o.addItemToOrder(oi3);

        System.out.println(o);
    }
}

Trying to run the program we get the following output:

ORDER ID: 1000
ORDER DATE: Mon Dec 15 15:47:39 CET 2014
CUSTOMER: Davis Molinari
ITEMS:
	n° 2 Tablet XYZ (unit price: 199.0 - cat: HARDWARE): 398.0
	n° 3 Jackson Tutorial (unit price: 19.0 - cat: BOOK): 57.0
	n° 1 Running shoes (unit price: 65.5 - cat: SPORT): 65.5
TOTAL: 520.5

Ok, now let’s go back to our goal, which is to provide an example of JSON serialization with Jackson.
First, add the Jackson libraries to the Build Path of our project; the jar to be included, as shown in the following figure, are those of the three modules in which the Jackson project has been divided:

– Core
– DataBind
– Annotations

Adding Jackson jars to the build path

Once we have added the libraries to the project, we modify our test program to perform the JSON serialization of our Order object.
What we need to do is to create an ObjectMapper and invoke its writeValue method, passing as parameters the stream where to write the value (in our case System.out, the standard output) and the object to be serialized (our Order object).
Here’s the updated code of our test program:

import java.io.IOException;
import java.util.ArrayList;
import java.util.Date;

import com.fasterxml.jackson.core.JsonGenerationException;
import com.fasterxml.jackson.databind.JsonMappingException;
import com.fasterxml.jackson.databind.ObjectMapper;

public class JacksonExample {
    
    public static void main(String[] args) {
        ObjectMapper mapper = new ObjectMapper();

        Customer c1 = new Customer(1,"Davis", "Molinari");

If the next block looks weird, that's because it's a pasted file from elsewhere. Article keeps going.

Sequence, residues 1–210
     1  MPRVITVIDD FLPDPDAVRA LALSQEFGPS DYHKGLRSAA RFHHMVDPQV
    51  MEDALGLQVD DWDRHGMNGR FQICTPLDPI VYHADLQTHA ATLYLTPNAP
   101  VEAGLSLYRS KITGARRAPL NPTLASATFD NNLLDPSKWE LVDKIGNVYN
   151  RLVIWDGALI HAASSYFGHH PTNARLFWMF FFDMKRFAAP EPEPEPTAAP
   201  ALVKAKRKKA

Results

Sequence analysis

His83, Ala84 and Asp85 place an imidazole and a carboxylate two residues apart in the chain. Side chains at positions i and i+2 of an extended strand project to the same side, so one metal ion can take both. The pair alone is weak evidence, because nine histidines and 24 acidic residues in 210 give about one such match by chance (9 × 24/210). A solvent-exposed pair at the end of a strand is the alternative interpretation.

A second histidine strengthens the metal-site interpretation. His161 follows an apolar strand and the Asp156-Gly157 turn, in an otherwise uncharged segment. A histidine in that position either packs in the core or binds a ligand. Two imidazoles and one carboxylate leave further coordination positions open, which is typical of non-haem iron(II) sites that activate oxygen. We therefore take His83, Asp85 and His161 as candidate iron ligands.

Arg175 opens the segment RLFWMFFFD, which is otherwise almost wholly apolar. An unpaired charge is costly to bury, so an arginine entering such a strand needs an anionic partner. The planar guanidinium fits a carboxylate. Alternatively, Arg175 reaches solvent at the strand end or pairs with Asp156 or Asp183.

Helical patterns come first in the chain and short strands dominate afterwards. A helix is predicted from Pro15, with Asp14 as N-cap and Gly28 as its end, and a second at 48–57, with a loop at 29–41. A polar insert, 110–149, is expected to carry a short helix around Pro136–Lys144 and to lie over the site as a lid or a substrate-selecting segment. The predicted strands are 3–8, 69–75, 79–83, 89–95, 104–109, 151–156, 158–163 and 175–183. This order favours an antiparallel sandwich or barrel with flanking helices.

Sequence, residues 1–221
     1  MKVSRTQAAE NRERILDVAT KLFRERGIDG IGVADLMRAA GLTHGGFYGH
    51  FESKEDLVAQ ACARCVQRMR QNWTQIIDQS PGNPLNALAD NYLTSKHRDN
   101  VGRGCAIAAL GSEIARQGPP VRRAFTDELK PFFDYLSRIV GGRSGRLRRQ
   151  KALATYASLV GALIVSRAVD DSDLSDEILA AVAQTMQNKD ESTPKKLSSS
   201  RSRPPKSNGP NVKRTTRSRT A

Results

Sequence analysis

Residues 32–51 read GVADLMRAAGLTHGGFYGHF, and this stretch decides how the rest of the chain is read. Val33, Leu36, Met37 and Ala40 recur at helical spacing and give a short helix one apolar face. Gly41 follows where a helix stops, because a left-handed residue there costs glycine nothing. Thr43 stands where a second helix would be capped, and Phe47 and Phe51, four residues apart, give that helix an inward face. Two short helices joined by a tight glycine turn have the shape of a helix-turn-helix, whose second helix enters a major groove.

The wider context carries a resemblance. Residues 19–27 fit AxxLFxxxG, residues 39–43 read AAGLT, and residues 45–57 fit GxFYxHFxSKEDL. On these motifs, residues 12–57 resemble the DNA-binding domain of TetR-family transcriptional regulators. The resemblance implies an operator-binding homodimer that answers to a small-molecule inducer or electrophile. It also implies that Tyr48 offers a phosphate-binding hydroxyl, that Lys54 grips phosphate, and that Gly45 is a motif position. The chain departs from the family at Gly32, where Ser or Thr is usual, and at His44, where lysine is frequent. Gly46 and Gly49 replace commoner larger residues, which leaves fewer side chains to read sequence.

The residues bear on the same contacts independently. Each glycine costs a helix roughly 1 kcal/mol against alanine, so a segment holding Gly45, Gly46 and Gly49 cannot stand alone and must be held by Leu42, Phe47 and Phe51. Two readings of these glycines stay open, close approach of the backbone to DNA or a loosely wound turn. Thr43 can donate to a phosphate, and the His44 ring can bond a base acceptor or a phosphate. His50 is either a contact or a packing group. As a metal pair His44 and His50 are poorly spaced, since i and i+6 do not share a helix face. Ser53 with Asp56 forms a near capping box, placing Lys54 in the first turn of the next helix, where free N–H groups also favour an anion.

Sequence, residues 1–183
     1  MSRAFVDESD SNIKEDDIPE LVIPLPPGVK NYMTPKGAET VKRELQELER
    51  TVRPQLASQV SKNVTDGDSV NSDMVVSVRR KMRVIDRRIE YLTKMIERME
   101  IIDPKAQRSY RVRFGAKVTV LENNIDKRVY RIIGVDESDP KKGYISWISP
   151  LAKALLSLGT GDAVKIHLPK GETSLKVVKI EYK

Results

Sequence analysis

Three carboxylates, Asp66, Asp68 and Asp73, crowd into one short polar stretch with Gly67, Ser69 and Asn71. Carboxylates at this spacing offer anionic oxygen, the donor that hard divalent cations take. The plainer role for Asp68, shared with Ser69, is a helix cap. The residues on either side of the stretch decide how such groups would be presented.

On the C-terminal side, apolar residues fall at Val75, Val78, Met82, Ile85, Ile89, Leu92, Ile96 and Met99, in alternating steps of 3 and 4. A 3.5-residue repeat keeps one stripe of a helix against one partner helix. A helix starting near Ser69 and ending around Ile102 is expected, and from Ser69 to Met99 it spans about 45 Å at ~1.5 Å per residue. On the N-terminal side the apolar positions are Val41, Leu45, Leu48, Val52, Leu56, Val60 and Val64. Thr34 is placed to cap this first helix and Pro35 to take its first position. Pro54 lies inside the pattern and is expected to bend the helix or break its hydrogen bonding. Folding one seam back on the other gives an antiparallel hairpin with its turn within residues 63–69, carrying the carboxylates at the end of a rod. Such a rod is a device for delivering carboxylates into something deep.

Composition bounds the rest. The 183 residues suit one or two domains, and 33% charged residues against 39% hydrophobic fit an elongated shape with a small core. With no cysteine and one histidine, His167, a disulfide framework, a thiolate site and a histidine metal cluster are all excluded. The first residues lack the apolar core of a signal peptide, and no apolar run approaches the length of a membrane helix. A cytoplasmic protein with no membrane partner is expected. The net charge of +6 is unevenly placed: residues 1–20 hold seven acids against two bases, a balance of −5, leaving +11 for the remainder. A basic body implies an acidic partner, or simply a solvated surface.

Item i1 = new Item(1, "Tablet XYZ", Categories.HARDWARE, 199.0);
        Item i2 = new Item(2, "Jackson Tutorial", Categories.BOOK, 19.00);
        Item i3 = new Item(3, "Running shoes", Categories.SPORT, 65.50);

        OrderItem oi1 = new OrderItem(2,i1);
        OrderItem oi2 = new OrderItem(3,i2);
        OrderItem oi3 = new OrderItem(1,i3);

        Order o = new Order(1000, c1, new ArrayList<OrderItem>(), new Date());
        o.addItemToOrder(oi1);
        o.addItemToOrder(oi2);
        o.addItemToOrder(oi3);

        try {
            mapper.writeValue(System.out, o);
        }
        catch (JsonGenerationException e) {
            // TODO Auto-generated catch block
            e.printStackTrace();
        }
        catch (JsonMappingException e) {
            // TODO Auto-generated catch block
            e.printStackTrace();
        }
        catch (IOException e) {
            // TODO Auto-generated catch block
            e.printStackTrace();
        }
    }
}

Here we see the (very long) string resulting from the serialization process:

{"id":1000,"itemList":[{"quantity":2,"it":{"id":1,"name":"Tablet XYZ","cat":"HARDWARE","price":199.0},"price":398.0},{"quantity":3,"it":{"id":2,"name":"Jackson Tutorial","cat":"BOOK","price":19.0},"price":57.0},{"quantity":1,"it":{"id":3,"name":"Running shoes","cat":"SPORT","price":65.5},"price":65.5}],"placedDate":1419257720888,"cust":{"id":1,"firstName":"Davis","lastName":"Molinari"}}

Displayed in this way, the string isn’t simple to analyze and for this reason we ask the object of ObjectMapper to format the output in a more readable way, just for verification purposes.
To do that we set the mapper as follows:

mapper.configure(SerializationFeature.INDENT_OUTPUT, true);

or, alternatively:

mapper.enable(SerializationFeature.INDENT_OUTPUT);

Running again our test program we get this time the string formatted as follows:

{
  "id" : 1000,
  "customer" : {
    "id" : 1,
    "firstName" : "Davis",
    "lastName" : "Molinari"
  },
  "itemList" : [ {
    "quantity" : 2,
    "it" : {
      "id" : 1,
      "name" : "Tablet XYZ",
      "cat" : "HARDWARE",
      "price" : 199.0
    },
    "price" : 398.0
  }, {
    "quantity" : 3,
    "it" : {